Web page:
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Oil drops after OPEC-led output cut extension falls below expectations

Oil drops after OPEC-led output cut extension falls below expectations


Oil extended falls on Friday after tumbling in the previous session when the Organization of the Petroleum Exporting Countries (OPEC) and allied producers extended output cuts but disappointed investors betting on longer or larger supply curbs.

In the OPEC meeting on Thursday in Viennaand some OPEC members and non-OPEC producers agreed to extend a pledge to cut around 1.8 million barrels per day (bpd) until the end of the first quarter of 2018. The initial agreement would have expired in June this year.

OPEC and non-members led by Russia on Thursday decided to extend cuts in oil output by nine months to March 2018 as they battle a global glut of crude after seeing prices halve and revenues drop sharply in the past three years.
Oil prices dropped more than 4 percent as the market had been hoping oil producers could reach a last-minute deal to deepen the cuts or extend them further, until mid-2018.

“The conformity level for member countries is exceptionally high. In fact we’ve reached 102 percent overall conformity. So even exceeding our collective commitment. Indications are that May will even be better than April,” said Saudi Arabia Energy Minister, Khalid Al-Falih.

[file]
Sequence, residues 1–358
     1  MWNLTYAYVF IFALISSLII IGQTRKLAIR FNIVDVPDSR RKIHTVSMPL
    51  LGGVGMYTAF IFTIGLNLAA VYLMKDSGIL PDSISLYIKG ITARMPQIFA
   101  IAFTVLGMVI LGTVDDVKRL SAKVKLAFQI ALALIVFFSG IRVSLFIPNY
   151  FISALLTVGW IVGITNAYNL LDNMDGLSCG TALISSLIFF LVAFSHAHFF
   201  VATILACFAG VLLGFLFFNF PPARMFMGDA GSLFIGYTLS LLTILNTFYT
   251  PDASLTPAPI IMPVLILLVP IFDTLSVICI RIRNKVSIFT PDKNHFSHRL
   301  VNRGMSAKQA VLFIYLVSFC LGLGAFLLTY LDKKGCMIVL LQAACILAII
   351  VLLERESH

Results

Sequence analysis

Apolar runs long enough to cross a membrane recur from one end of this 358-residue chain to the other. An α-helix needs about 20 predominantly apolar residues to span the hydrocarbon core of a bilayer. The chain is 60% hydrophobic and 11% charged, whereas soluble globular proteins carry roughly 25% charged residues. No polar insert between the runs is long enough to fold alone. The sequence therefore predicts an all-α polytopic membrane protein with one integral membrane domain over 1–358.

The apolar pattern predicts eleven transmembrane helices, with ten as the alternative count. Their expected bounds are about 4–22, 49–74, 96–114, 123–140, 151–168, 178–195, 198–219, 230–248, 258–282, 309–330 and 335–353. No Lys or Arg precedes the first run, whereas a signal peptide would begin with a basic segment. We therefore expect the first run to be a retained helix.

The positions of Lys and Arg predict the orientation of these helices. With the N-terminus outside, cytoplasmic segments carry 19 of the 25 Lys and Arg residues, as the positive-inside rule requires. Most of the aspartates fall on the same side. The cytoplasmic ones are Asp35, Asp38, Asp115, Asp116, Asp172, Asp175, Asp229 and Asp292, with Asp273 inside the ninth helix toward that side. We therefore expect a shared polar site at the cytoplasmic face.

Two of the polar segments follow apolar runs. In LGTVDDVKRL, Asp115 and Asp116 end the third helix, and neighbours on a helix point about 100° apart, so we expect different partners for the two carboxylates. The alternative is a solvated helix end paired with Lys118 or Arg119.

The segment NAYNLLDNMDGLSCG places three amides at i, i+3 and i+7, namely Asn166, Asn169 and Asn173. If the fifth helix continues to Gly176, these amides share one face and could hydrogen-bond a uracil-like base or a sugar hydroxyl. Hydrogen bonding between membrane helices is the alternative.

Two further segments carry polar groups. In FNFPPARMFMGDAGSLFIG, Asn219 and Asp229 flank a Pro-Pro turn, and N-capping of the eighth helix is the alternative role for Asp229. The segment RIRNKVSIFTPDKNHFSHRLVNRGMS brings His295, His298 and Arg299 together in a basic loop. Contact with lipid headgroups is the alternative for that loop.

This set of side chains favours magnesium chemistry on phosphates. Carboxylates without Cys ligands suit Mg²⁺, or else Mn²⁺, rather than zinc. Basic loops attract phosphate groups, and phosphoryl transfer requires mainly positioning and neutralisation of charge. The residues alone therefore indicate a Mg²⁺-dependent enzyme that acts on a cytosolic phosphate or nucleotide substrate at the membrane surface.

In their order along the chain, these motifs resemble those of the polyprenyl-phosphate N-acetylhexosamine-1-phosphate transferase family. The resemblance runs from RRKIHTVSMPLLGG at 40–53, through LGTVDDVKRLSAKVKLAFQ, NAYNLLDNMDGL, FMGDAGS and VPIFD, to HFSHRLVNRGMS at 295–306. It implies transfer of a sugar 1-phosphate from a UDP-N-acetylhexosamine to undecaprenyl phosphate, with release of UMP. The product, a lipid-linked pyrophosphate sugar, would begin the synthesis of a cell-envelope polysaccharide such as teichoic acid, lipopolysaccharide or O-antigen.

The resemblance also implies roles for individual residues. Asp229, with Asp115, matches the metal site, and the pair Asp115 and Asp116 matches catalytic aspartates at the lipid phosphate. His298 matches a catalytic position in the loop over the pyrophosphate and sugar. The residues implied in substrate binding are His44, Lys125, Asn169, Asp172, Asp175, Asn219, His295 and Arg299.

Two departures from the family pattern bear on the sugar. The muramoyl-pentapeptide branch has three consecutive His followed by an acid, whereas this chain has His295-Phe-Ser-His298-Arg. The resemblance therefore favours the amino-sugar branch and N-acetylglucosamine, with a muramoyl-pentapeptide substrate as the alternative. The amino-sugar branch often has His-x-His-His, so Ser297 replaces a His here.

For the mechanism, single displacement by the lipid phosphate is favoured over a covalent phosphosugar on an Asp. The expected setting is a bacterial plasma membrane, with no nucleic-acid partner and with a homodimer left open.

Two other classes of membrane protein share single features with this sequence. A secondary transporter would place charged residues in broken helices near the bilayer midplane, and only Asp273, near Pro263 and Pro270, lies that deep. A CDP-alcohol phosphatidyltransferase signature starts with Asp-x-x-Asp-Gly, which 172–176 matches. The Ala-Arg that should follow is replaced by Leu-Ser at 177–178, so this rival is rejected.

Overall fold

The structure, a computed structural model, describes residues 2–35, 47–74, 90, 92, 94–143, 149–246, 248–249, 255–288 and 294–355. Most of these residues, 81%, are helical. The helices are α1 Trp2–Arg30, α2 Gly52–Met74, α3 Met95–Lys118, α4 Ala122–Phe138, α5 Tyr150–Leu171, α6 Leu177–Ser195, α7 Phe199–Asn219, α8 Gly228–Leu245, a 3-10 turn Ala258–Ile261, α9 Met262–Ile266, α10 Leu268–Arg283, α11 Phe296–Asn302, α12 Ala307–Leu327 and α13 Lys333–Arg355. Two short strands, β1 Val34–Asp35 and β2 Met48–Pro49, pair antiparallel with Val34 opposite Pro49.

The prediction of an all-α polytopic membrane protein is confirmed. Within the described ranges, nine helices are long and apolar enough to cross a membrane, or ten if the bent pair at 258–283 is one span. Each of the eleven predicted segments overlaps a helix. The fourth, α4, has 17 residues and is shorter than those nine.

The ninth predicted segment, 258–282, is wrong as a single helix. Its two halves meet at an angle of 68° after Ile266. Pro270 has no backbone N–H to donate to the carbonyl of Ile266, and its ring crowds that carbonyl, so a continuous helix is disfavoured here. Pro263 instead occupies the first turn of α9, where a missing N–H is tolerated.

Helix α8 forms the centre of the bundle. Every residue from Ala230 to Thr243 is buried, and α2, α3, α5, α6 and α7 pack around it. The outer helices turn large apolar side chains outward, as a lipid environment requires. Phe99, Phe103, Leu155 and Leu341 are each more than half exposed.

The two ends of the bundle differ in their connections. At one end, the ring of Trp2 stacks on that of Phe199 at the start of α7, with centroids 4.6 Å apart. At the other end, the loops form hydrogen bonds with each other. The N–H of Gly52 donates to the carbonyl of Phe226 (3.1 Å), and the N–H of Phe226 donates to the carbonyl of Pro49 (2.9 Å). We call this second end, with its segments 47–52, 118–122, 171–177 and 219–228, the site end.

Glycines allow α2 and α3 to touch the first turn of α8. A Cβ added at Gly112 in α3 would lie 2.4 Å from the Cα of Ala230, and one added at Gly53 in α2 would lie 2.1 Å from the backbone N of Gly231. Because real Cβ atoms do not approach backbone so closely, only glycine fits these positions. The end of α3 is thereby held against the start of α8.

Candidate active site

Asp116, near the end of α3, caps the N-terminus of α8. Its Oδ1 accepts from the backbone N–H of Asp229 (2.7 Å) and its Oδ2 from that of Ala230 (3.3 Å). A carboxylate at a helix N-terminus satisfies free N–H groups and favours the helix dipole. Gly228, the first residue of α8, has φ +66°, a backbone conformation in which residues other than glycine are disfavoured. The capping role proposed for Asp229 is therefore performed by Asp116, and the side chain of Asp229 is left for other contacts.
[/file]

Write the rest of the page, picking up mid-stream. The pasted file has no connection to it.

He noted that all indications are solid that a nine-month extension is the optimum and should bring the organisation within the five-year average by end of the year, added that they wanted to extend it to avoid a stock building in the first quarter of 2018.

“But we believe that we will be at target before year end,” he said.

OPEC’s cuts have helped to push oil back above $50 a barrel this year, giving a fiscal boost to producers, many of which rely heavily on energy revenues and have had to burn through foreign-currency reserves to plug holes in their budgets.

“Our common goal here is to, first of all, achieve a balanced market. And to restore investment attractiveness of the sector in general in order to be able to fulfill future needs and to give more product ability to the market. We’re all reaping the benefits of this, both producers and consumers, and that’s why we have to make sure that we continue on this path.” said Russian Energy Minister, Alexander Novak.

Oil’s earlier price decline, which started in 2014, forced Russia and Saudi Arabia to tighten their belts and led to unrest in some producing countries including Venezuela and Nigeria.

U.S. oils production C-OUT-T-EIA has already risen by 10 percent since mid-2016 to over 9.3 million bpd, close to the output of top producers Russia and Saudi Arabia.

With U.S. output rising steadily and OPEC and its allies potentially ramping up production in 2018 to regain lost market share, many traders are already expected another price slump.

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